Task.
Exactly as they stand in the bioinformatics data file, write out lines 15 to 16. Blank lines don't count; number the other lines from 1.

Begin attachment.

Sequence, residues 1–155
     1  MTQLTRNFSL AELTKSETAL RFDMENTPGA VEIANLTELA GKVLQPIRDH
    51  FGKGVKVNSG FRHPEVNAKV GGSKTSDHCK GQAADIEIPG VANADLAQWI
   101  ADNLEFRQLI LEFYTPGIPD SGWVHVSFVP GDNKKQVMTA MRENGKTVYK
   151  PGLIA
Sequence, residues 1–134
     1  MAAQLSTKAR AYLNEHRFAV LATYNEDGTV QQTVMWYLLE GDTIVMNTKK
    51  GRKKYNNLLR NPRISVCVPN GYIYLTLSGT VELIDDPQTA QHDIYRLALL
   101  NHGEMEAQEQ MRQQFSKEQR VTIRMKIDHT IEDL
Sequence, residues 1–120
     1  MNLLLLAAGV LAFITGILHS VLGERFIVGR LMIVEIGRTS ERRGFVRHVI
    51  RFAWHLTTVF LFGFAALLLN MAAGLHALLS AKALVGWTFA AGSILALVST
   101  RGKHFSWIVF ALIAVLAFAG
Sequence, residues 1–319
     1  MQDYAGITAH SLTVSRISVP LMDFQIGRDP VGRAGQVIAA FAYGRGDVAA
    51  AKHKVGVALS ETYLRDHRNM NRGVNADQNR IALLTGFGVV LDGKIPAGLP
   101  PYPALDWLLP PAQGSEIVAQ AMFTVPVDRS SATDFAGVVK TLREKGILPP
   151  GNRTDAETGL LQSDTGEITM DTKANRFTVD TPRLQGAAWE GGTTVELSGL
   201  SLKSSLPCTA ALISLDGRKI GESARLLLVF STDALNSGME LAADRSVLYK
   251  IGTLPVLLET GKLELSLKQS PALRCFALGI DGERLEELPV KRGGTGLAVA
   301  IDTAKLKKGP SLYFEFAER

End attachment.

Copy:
     1  MQDYAGITAH SLTVSRISVP LMDFQIGRDP VGRAGQVIAA FAYGRGDVAA
    51  AKHKVGVALS ETYLRDHRNM NRGVNADQNR IALLTGFGVV LDGKIPAGLP